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Israel Has Emerged as an R&D Alternative to Silicon Valley The nation's tech prowess and entrepreneurial vigor has attracted many of the worlds largest corporations but startups are welcome, too.

By Ron Yekutiel Edited by Dan Bova

Opinions expressed by Entrepreneur contributors are their own.

Startup founders are constantly looking for the best innovations and research to advance their businesses.

When it comes to finding bright talent and some of the best technologies, startup owners might have to start looking overseas for help. One country that stands out from the rest when it comes to research and development (R&D) is Israel. In fact, it ranks second only to Silicon Valley for startups, according to Rubicon Venture Capital.

Related: 5 Tips for Building Adaptivity Into Your Business Model

For startup founders curious about how moving their R&D efforts to Israel can be beneficial, here are four supportive points:

1. Tech talent. The pool of STEM talent in Israel is huge. According to R&D Innovation as a Growth Engine, there are 140 scientists, technicians, and engineers for every 10,000 employees in Israel, compared to 85 per 10,000 in the United States.

This talent is fueled by an unmatched level of R&D investment. According to the Invest in Israel report, Israel invests the largest amount of funding in R&D in relation to gross domestic product and is highly engaged in scientific and technological inquiry.

The primary source of Israeli R&D funding is government and public organizations, according to the Israel Ministry of Foreign Affairs. More than 40 percent of funding is used for national, binational, government, and university research. The Israel Science Foundation is another important source of funding and offers grants for approximately 1,000 researchers, which is matched with university funding.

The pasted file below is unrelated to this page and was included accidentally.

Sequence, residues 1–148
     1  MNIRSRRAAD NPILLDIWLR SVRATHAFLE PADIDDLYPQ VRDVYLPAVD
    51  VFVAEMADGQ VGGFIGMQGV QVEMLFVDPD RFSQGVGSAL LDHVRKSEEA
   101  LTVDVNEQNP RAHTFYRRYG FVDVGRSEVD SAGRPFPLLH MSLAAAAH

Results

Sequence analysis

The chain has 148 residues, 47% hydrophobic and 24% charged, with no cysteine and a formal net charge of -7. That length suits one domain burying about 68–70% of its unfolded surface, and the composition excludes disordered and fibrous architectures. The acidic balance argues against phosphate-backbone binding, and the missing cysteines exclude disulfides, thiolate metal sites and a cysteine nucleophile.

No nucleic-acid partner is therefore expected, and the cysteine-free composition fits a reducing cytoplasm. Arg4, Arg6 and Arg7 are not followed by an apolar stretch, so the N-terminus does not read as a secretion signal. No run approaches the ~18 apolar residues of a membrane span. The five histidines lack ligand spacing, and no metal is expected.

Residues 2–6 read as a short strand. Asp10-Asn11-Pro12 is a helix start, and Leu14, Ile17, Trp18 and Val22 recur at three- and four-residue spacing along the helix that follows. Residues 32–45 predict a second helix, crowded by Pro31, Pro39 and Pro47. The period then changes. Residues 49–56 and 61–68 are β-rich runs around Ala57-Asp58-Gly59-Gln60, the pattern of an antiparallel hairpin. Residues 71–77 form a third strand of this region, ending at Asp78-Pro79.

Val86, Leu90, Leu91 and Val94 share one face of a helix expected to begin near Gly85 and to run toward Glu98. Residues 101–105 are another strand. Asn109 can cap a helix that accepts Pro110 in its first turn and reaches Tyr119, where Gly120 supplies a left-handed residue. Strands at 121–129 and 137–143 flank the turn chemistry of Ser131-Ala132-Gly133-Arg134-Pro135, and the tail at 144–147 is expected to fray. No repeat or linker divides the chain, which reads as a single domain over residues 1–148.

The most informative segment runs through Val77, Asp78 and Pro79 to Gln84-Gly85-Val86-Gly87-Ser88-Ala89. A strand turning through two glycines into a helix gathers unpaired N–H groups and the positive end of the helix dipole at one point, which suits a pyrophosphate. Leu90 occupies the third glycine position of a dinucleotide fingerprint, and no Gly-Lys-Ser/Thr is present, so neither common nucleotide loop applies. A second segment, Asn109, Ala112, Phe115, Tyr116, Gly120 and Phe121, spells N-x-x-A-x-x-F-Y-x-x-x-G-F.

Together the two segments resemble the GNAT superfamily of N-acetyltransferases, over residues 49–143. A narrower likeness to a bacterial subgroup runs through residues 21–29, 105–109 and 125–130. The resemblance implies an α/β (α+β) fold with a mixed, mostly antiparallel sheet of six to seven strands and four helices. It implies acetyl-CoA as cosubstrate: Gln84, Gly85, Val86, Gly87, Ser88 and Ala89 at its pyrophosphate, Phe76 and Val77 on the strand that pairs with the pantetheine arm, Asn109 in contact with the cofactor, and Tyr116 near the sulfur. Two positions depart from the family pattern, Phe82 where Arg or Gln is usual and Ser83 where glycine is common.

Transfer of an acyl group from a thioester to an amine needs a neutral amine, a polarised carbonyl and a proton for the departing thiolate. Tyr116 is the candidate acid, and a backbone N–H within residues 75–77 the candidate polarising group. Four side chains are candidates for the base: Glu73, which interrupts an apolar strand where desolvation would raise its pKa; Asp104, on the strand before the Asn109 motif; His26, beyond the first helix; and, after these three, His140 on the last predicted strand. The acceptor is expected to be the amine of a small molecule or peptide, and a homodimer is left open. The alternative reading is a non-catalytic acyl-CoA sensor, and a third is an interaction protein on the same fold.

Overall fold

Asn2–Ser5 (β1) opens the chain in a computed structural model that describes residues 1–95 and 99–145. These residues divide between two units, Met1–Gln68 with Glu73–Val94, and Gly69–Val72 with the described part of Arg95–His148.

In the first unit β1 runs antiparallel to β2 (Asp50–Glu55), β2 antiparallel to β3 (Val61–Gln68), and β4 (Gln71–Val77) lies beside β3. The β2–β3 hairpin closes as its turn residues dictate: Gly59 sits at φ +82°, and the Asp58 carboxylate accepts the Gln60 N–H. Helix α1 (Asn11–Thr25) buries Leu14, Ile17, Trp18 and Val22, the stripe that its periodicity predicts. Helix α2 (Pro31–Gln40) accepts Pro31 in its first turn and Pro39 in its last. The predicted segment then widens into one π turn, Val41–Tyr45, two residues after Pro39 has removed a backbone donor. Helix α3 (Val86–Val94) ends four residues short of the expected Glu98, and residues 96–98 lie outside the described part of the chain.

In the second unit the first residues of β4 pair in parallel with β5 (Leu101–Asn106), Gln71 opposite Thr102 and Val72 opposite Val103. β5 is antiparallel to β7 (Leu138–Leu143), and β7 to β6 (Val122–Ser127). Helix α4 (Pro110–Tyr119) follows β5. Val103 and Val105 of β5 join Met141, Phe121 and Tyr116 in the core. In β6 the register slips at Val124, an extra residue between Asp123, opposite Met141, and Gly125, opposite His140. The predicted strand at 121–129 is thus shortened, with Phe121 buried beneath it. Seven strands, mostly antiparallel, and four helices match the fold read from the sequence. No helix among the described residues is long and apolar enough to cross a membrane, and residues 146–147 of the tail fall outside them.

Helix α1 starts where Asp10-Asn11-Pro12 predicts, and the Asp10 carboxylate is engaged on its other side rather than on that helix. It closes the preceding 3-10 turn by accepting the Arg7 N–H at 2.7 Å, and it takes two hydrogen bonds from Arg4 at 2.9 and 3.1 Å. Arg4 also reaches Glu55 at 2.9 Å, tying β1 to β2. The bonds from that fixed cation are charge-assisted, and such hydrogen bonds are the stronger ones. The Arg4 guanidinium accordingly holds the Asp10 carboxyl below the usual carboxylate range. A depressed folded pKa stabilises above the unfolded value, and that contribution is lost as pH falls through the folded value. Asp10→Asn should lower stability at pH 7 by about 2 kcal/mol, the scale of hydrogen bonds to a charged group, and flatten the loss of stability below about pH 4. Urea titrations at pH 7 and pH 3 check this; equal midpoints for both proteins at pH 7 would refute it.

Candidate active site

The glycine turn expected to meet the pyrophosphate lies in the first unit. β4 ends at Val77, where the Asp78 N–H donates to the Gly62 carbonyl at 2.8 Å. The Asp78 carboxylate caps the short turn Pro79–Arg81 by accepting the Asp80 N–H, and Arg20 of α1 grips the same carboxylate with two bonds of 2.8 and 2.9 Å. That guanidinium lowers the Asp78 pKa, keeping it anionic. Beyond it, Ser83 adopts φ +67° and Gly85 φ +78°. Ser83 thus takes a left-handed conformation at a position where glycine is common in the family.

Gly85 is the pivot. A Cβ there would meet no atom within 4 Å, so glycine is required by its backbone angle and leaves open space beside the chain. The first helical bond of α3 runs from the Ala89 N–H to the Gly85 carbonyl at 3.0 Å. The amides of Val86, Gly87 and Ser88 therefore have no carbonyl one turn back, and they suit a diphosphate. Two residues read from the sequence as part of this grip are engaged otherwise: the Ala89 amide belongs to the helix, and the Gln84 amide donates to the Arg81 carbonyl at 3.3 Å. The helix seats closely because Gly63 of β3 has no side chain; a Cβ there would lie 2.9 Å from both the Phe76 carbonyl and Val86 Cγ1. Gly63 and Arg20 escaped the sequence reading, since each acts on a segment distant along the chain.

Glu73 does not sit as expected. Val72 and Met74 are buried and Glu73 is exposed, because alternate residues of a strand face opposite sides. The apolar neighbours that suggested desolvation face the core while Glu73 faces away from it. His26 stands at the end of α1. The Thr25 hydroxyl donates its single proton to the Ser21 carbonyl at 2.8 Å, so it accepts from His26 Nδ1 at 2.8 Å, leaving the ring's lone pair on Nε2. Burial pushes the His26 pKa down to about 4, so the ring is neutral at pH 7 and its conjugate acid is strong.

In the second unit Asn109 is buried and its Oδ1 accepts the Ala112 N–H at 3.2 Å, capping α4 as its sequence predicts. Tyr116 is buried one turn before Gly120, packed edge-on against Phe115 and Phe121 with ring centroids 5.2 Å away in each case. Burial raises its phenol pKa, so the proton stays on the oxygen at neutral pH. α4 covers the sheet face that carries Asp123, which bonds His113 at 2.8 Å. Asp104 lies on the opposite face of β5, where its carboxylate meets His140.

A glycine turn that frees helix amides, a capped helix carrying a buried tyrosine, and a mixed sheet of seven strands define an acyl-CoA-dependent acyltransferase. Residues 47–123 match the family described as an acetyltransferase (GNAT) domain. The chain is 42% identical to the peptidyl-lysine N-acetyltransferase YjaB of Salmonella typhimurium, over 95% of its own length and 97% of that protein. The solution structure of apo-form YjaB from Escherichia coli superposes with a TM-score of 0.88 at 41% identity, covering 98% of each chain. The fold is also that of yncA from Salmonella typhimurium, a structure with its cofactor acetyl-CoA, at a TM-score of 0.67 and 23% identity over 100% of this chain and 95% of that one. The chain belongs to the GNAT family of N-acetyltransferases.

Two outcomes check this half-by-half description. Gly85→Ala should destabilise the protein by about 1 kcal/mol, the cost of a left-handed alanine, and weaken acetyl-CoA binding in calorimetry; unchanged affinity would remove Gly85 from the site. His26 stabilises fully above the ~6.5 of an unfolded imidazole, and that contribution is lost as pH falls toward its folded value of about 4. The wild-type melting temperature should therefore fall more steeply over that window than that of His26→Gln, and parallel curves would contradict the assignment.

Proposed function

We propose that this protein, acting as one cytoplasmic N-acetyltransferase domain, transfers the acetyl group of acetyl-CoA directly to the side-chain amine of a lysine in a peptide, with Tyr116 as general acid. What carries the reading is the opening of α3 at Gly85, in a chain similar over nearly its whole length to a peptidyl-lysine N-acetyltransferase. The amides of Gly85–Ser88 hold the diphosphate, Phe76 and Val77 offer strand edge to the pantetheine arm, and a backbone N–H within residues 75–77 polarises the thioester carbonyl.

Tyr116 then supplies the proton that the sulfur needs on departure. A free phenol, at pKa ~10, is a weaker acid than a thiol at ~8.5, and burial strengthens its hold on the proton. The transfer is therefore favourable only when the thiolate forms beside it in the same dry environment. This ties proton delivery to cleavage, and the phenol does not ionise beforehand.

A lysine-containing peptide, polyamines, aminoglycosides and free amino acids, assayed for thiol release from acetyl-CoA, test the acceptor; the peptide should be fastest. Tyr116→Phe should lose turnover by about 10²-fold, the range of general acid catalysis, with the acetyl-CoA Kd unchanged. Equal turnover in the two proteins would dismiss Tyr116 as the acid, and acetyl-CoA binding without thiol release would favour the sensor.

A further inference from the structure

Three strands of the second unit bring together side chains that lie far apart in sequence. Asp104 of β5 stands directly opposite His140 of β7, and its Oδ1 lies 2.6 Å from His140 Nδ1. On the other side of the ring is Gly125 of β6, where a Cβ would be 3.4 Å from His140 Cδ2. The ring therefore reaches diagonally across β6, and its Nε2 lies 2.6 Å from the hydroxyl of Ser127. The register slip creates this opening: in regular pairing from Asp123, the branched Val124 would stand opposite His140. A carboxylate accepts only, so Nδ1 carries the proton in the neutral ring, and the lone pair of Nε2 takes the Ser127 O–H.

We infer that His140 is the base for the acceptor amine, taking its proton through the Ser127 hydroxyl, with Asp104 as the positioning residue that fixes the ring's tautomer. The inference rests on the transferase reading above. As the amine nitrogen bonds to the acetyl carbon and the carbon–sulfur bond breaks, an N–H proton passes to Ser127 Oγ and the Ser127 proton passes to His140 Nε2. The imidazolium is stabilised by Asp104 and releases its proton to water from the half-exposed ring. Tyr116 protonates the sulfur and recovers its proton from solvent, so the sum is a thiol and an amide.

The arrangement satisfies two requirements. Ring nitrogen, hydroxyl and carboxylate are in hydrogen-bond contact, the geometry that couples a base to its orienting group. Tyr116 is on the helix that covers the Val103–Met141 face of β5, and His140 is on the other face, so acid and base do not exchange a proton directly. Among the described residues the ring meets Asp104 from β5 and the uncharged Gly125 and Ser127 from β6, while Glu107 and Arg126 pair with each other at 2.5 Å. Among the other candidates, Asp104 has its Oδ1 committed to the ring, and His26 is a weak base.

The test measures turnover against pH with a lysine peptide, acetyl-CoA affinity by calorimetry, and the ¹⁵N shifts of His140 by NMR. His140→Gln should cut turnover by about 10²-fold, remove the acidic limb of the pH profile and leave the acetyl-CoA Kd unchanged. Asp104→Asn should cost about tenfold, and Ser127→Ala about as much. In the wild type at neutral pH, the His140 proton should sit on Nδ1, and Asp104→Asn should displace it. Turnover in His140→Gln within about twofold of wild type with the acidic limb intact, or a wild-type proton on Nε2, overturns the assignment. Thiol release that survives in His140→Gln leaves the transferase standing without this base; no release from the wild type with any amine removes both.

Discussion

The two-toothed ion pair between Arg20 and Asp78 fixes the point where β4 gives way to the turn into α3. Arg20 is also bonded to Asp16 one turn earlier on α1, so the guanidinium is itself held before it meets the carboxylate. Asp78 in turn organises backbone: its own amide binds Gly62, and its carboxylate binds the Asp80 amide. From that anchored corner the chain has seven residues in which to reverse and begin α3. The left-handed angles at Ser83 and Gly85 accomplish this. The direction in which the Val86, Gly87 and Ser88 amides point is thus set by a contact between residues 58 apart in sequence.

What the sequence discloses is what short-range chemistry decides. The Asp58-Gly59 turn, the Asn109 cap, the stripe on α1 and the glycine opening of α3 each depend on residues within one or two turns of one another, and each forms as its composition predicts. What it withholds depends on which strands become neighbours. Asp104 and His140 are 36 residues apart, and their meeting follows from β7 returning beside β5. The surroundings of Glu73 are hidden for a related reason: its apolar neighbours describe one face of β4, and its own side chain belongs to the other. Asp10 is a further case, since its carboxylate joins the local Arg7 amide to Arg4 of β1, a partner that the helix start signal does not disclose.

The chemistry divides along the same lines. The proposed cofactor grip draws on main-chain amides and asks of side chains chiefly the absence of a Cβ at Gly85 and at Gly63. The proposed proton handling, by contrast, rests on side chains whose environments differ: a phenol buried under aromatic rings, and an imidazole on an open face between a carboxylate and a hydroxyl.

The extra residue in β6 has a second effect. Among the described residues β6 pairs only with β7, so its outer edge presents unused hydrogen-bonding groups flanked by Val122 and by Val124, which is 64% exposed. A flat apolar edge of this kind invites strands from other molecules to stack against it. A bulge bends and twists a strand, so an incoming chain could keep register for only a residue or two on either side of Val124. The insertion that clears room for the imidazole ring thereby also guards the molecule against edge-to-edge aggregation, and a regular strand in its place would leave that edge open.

The amount of funding Israeli universities receive has contributed to a great amount of R&D success. Israeli universities are known for taking out a large number of patents and the country also publishes approximately one percent of the world's scientific publications.

In addition, as noted in this Israel Institute of Technology report, Israel's significant defense-related R&D plays a major role and has great impact on Israel's industrial sector, science and engineering, research community, and its overall workforce.

2. Entrepreneurial talent. Israel is flush with entrepreneurs, second in numbers only to Silicon Valley. The country is filled with people with courage, drive, creativity, boldness and tenacity who will move mountains to achieve their goals and dreams.

Over the years Israel has also amassed a long list of experienced entrepreneurs who have "been there and done that'' all around the world. They bear the scars and trophies to show for it. Having a R&D center in Israel means tapping into this stellar talent and the benefits of a highly productive, innovative and collaborative work environment that simply "gets the job done."

Related: Tech Towns

3. Ecosystem. The long list of companies with an R&D presence in Israel includes Intel, Google, SAP, HP, IBM, EMC, Apple, Huawei, Samsung, GE, Philips, Siemens, Alcatel-Lucent, Oracle, Microsoft, Motorola, XEROX, AT&T, Dell, AMD, Paypal, McAfee, Qualcomm, Polycom, Marvell, Cisco, Telefonica, Avaya, Deutsche Telekom, Avaya, SanDisK, Ebay, AOL, Autodesk, Yahoo, Sears, GM, LG and many more.

These companies are also shifting their R&D efforts to Israel because of the talent and ingenuity available, and/or due to their acquisitions of Israeli startups. Having a R&D center in Israel means connecting to a global development ecosystem. This is helpful to forge development ties, to recruit from neighboring companies and, sometimes, to just get close to the giants in the hopes that some of their magic pixy dust will stick.

4. Costs. Israeli salary expectations, while not the lowest in the world, are lower than those of the U.S. For example, the average salary for a software engineer in Israel is approximately $68,000. The average salary for a software engineer in the United States is approximately $93,000. This presents an opportunity for startups to save money when hiring talent for their research and development efforts.

Related: 6 Ways Startups Can Play Nice With Corporations

Ron Yekutiel

Co-Founder, Chairman and CEO of Kaltura Inc.

Ron Yekutiel is the co-founder, chairman and CEO of Kaltura, Inc., a widely-used online-video platform.

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